An Interview With Supertype – A Refreshing Game For iOS And Android

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If you enjoy playing physics based games, Supertype from Kamibox is a very interesting game and well crafted out of a unique idea that the developer Philipp Stollenmayer came across. He also shared how he went through the initial development of the game to the final stages, the motivation behind it and gave some valuable advice for the budding developers.

1. How did you conceive the idea for Supertype?

I browsed Facebook and saw that some friend liked the page of SuperHi, a web tutorial site. Their logo is an h and an i, falling down a line. I was intrigued by that idea and wanted to find out if this has potential. (It did)

2. The concept looks very interesting, the use of alphabets to complete the challenge. What make this approach work for you?

The small letters are basically a collection of 26 different geometrical shapes. That was super helpful, and gives the game another dimension, because you already know those shapes, you are just used to “overseeing” it.

3. What are the challenges that you faced during the App’s development?

I had a very tight schedule, because I wanted to get this far enough to show it around at GDC, and take part in an Indie Game contest there. Supertype is already my 16th mobile game, so I know the SDK quite well, and was pretty astonished that there was no single “surprise” that would slow down the development – It was really straightforward.

4. Is the game projected towards a targeted audience or a broad one?

A broad one. The first person to play my games is always my mom, and her feedback is gold. Even when I think, there is absolutely no chance of misinterpreting my instructions, she is able to prove me wrong. I don’t mean that in a negative way, but this first round of user testing helps me to keep my apps simple. I hope that everyone who plays the game for only a few seconds will understand how it works.

5. What has been your marketing strategy? What marketing techniques do you use to promote your App in this heavily competitive application space?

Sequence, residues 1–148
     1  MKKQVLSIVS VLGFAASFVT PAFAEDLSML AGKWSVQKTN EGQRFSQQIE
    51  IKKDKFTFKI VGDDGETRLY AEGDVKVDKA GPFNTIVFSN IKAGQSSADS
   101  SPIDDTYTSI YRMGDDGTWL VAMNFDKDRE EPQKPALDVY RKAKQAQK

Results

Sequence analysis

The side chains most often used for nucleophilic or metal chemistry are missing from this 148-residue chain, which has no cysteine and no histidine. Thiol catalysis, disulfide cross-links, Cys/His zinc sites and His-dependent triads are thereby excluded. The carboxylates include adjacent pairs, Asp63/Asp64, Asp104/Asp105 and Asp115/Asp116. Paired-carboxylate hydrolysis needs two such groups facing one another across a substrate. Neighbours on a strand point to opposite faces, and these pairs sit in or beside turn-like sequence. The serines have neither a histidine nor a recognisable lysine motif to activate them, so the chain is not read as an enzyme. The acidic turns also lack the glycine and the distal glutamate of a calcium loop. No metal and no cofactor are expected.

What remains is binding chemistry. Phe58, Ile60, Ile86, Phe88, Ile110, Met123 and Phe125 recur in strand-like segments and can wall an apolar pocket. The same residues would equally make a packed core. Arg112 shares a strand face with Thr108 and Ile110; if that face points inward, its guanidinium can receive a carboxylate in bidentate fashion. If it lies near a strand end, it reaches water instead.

I don’t have any. The only thing I do is show the game around, to developer friends, to blogs, and of course to Apple and Google. If they like it, they tell about it. Same with the players, it is designed in a way to easily show it around and let friends experiment.

6. Are the users happy with the game’s pricing?

I haven’t received any complaints about the price model. Supertype is no game that I want to have ads in it, or in-app purchases. The concept is that the idea is easily explained, with a trailer or a GIF, and if the viewer likes that idea, he will either be okay with paying for it or not. I don’t want to trick anyone into playing something he doesn’t like.

7. Do you have any other Apps lined up for the future?

Yes, I do, but I can’t tell about it yet, because this will be the first time that someone else publishes it. And as long as I don’t have a release date, I can’t say anything about it. Just to tease it a bit, it will be a long and hard game.

8. Lastly, what advice do you have for aspiring developers?

The most important thing is testing a lot. If I had published the first version of Supertype, no one would have understood what I was trying to do and would be super frustrated. In 90%, the game is too hard or gets too hard too quickly. With Supertype, I had these puzzles where I could imagine the solution, because I built it, but for others, it was only trial and error. To find that out, you have to test it, and take feedback seriously.


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